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CMA notifies intention to accept JD Sports undertaking to sell Footasylum

Subject: Competition law/ Merger control

Source: Competition and Markets Authority (CMA)


The Competition and Markets Authority (CMA) has announced its intention to accept the formal Undertakings given by JD Sports Fashion plc (J D Sports) to divest itself of the business of Footasylum pc (Footasylum) within a specified (but non-disclosed) period.

In April 2019, J D Sports Fashion plc acquired 78% of the shares (having previously bought an 8% stake) in the share capital of Footasylum plc at a total price of around £70 million, nearly double of the market capitalisation of the company on the AIM market.

After completion of the acquisition, the CMA took the view that the acquisition might lead to a substantial lessening of competition (‘SLC’) in relation to the supply of sports-inspired casual footwear and apparel both in-store and online in the UK. The Competition and Markets Authority (‘CMA’). This view was contested by J D Sports. In October 2019, the CMA referred the case to CMA panel to determine whether a relevant merger situation has been created and, if so, whether the creation of that situation has resulted, or may be expected to result, in a SLC in any market or markets in the UK for goods or services, in accordance with section 22(1) of the Enterprise Act 2002. The CMA published its final report on 6 May 2020 which concluded that the acquisition had created a relevant merger situation which had resulted in, or might be expected to result, in SLCs in relation to the supply of sports-inspired casual footwear and apparel both in-store and online in the UK.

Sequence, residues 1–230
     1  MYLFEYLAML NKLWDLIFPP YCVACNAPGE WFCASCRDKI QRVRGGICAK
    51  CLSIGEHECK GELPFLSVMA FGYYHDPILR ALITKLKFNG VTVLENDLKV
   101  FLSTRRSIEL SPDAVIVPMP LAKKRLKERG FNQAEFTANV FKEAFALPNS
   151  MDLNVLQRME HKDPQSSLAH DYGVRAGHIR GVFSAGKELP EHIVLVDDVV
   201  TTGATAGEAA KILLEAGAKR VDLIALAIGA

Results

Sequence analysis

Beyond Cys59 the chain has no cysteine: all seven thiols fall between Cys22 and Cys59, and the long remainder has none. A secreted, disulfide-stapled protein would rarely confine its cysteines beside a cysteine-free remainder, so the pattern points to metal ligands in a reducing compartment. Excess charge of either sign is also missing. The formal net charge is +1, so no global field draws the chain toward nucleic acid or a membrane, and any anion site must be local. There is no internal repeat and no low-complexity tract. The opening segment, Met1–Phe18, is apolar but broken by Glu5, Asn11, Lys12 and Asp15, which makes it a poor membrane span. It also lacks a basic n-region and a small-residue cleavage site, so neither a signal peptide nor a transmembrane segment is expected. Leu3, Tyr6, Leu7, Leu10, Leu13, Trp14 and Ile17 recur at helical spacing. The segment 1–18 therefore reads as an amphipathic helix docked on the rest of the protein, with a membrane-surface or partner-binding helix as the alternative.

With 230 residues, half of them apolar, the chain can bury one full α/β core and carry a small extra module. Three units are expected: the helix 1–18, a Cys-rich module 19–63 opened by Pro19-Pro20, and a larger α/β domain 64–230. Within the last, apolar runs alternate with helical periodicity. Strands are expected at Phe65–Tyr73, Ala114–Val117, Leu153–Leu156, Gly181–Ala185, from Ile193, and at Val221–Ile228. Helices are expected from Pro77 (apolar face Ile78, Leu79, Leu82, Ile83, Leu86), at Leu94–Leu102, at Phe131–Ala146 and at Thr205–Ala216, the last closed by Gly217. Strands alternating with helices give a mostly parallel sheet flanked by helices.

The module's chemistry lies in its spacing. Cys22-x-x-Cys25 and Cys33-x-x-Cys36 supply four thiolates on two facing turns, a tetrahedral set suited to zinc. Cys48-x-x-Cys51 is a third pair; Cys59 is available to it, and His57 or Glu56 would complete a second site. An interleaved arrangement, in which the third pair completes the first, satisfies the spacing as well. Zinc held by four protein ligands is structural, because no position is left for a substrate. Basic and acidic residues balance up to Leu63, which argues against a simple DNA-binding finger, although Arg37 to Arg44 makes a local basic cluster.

JD Sports applied to the Competition Appeal Tribunal on 17 June 2020 for a review of the CMA’s decision. The CMA has now reached agreement with JD Sports, Footasylum and is former majority shareholders, Pentland Group Limited (Jersey) and Pentland Group Limited, as to the terms of Final Undertakings for the purpose of remedying, mitigating or preventing the SLCs. The undertakings require JD Sports to dispose of the Footasylum business. The formal acceptance by the CMA of the undertakings is subject to consideration of any written representations on the proposed Final Undertakings which should reach the CMA via email by 5pm on Friday 3 July 2020.

Comment: Although there may be reasons not known to outsiders, it is surprising that a firm like JD Sports with experienced management has allowed itself to get into the difficult position of being forced to sell a business it only acquired one year ago.


While there is no obligation on parties to a proposed merger or acquisition transaction to notify the CMA in advance with a view to obtaining a clearance, the consequences of not doing so and completing the deal and later being forced to unwind it are demonstrated by this case. It may be that discussions did take place and the CMA informed the parties that there would be competition concerns if the deal were to proceed. There are procedures available for parties to a proposed merger or acquisition to have informal pre-notification discussions with the CMA, and a formal notification process whereby the CMA has a statutory 40 day period (‘Phase 1 investigation’) in which to decide whether to clear the deal or to refer the deal to a panel for further review (‘Phase “ investigation’).


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